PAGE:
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Anna B. Crocker
Birth Place: England
Pioneer Father: —
Birth Place: —
Date of Arrival in California: —
Pioneer Mother: —
Birth Place: —
Date of Arrival in California: —
Anna Beatrice Crocker nee Purson arrived in San Francisco with her mother the early part of 1850 by sailing vessel from England. She resided in San Francisco and the immediate vicinity until the late fifties when she moved to the town of Suisun Solano County. She was married to the late Asa Crocker at Fairfield Solano Co. Sept. 8, 1861. Mrs. Crocker was the mother of three sons, Horace, William, and Frank. Horace L. a deputy in the city auditors office alone survives. Mrs. Crocker took up her residence in San Francisco about five years ago and resided here up to the time of her death. Mrs. Crocker (Anna Purson) and her brother Henry are included on the list of people who attended the first school in San Francisco. J.C. Pelton Principal. She also remembers many of the incidents of early days. In the first admission day celebration Sept. 9, 1850 she was honored by one of the Hook and Ladder companies by being allowed to ride on the machine and during a grand hall held in the evening was presented with a silver cap.
Mrs. H. Griffin (28)
Biography of Mrs. Harriet Griffin
Madam President and Ladies of the Society of Pioneer Women of California. It is fifty nine years since I went through the experience I will attempt to relate. I left New York just before Christmas 1852 accompanied by my cousin. The weather was cold and after we had been out a few hours a storm arose. The winds blew and everybody was seasick but myself. It was funny to see the people rolling about the cabin. The dishes were tumbling about no matter how they placed the racks. My poor cousin was so sick, she said she did not want to live. She is living yet, 1911. In seven days we arrived at Aspinwall, now Colon, and were taken ashore in small boats and carried out of therm by natives. We were taken to Hotels but were unable to secure a room as the place was crowded with passengers from European Steamers. We sat on the stairs all night. The next morning we were put on what they called cars. We went a few miles in the cars then transferred to boats on the Chagres river. We went a few miles up the river when we were told we would have to get out as the boat was leaking. We got out of the board and remained on a small island in the river nearly all night. Early the next morning the natives returned and we proceed on our way. Every now and then the boatmen would get in the water and push the boat. Like all natives of tropical climates they wore not clothes and only laughed at the white passengers when they expostulated with them. We reached Gorgona in the morning but were obliged to wait until the next-day for mules. We stayed there all night. Next next morning we mounted the mules. My cousin and myself wore linen suits cut bloomer style. We also wore long rubber boots. I had never ridden a horse or mule before. Neither had my cousin who refused to ride man fashion. We rode one after the other. We had to book out for the baggage train as they never stopped for anything. They were loaded down with trunks tied on both sides and the tail [illegible] of one mule fastened to the tail in front. as the mud was very deep you can imagine how nice it was to be knocked off your mule. We were all day on the mules and reached Panama at dusk. I was so tired I could not get off and had to be lifted down. I sat down in the street. We were three days and nights in Panama. then we were taken out in small boats to the Steamer. I have forgotten the name of the Steamer. It was a very large one and crowded with passengers. My cousin and I slept on the floor. I did not mind that much as I was only sixteen years old. We had plenty to eat and lots of fun. The only thing that troubled us was the yellow fever. There were several deaths on board. We only made our stop at Acapulco for supplies and coal. In a week or so we arrived at S.F. our destination. We docked at the foot of Commercial St. Were met by my uncle and then commenced my life in San Francisco.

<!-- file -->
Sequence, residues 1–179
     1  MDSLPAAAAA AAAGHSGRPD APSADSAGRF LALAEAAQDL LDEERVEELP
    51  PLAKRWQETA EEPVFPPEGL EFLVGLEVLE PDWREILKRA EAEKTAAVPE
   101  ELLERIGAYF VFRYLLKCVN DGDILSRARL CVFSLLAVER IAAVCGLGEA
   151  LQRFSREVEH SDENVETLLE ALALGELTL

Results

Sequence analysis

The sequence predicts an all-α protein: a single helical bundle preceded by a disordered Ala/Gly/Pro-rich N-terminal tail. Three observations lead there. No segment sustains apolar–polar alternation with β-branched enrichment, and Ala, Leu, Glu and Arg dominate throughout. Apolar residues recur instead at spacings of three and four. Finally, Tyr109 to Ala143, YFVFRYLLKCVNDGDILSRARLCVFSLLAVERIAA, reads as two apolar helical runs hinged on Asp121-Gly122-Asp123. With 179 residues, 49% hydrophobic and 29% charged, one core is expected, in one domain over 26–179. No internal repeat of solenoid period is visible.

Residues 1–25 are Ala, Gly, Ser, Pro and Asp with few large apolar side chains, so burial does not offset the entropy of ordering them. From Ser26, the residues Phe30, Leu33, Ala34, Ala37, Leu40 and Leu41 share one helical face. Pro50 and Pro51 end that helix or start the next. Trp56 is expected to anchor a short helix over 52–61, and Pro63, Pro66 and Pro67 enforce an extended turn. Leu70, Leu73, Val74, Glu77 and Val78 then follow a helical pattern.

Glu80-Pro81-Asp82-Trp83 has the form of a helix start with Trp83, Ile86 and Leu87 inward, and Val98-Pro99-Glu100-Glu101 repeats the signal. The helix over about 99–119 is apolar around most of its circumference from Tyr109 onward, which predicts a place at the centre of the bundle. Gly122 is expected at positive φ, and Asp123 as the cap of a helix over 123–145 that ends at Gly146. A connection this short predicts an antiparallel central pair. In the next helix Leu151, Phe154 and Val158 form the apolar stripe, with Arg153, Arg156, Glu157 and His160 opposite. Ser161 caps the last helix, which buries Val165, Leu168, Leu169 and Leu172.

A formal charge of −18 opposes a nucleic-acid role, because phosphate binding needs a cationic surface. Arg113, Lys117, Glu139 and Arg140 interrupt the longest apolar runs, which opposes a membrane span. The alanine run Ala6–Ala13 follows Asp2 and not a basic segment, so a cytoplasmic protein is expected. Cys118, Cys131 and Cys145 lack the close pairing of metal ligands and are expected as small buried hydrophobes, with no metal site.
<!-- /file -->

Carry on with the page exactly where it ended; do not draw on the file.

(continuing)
Biography George C. Dean William by his daughter Jessie Dean Moore
My father George C. Dean was born and raised in Dresden, near Seneca Lake N.Y. On July 8th 1837 he married Maria Hotaling. Came to California with his wife and three children, arriving in San Francisco Bay March 1847 after a long voyage around Cape Horn. They were kindly treated by the Spanish people. Peace was declared soon after their arrival and they remained in San Francisco until gold was discovered. They were among the first families to reach Placerville. They went through Livermore Pass [illegible] in a Spanish [illegible] drawn by his Oxen. After gaining some wealth they returned to Monterey. Father [illegible] and provisions enough to supply a grocery store. When on his way back to the mines he was waylaid and his goods taken from him and he [illegible] for six months but my father escaped from them and returned to his family at Monterey. They did not recognize him on account of his long beard and hair. The family all returned to San Francisco, raised a family of eight children and lived to celebrate the 50th anniversary of their marriage. The following telegram was received from old comrades of the Mexican War Stevensons regiment- July 9th, 1887. George C. Dean, Visalia. “Your old comrade of 1847 greet you and yours on this [illegible] golden wedding and hope you may and hope you may continue to enjoy many happy and prosperous years [illegible]. -Francis D. Clark, John Wolfe, James [illegible], John H. Welsh, Joseph Evans, Russell Meyre, William [illegible], [illegible] Green, Jacob Norris. My mother tied in Tulare, November 15, 1890. My father died Aug. 6, 1905 in San Francisco. Three children survive, Mrs. Eliza Powell, Mrs. A Reed, Mrs. Jessie Dean Moore.